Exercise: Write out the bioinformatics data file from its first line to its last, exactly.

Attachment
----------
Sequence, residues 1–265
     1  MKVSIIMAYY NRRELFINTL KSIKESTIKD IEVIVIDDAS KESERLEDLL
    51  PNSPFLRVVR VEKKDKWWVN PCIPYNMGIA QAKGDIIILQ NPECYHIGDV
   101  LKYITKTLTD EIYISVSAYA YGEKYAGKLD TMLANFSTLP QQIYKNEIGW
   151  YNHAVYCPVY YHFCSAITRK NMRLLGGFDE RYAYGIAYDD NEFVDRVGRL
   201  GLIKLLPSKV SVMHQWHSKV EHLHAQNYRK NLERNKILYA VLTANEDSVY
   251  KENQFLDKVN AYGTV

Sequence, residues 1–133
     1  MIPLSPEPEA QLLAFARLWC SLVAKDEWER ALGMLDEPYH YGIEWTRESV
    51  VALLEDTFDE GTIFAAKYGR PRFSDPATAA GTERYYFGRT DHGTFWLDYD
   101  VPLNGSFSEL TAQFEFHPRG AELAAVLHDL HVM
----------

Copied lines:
Sequence, residues 1–265
     1  MKVSIIMAYY NRRELFINTL KSIKESTIKD IEVIVIDDAS KESERLEDLL
    51  PNSPFLRVVR VEKKDKWWVN PCIPYNMGIA QAKGDIIILQ NPECYHIGDV
   101  LKYITKTLTD EIYISVSAYA YGEKYAGKLD TMLANFSTLP QQIYKNEIGW
   151  YNHAVYCPVY YHFCSAITRK NMRLLGGFDE RYAYGIAYDD NEFVDRVGRL
   201  GLIKLLPSKV SVMHQWHSKV EHLHAQNYRK NLERNKILYA VLTANEDSVY
   251  KENQFLDKVN AYGTV

Sequence, residues 1–133
     1  MIPLSPEPEA QLLAFARLWC SLVAKDEWER ALGMLDEPYH YGIEWTRESV
    51  VALLEDTFDE GTIFAAKYGR PRFSDPATAA GTERYYFGRT DHGTFWLDYD
   101  VPLNGSFSEL TAQFEFHPRG AELAAVLHDL HVM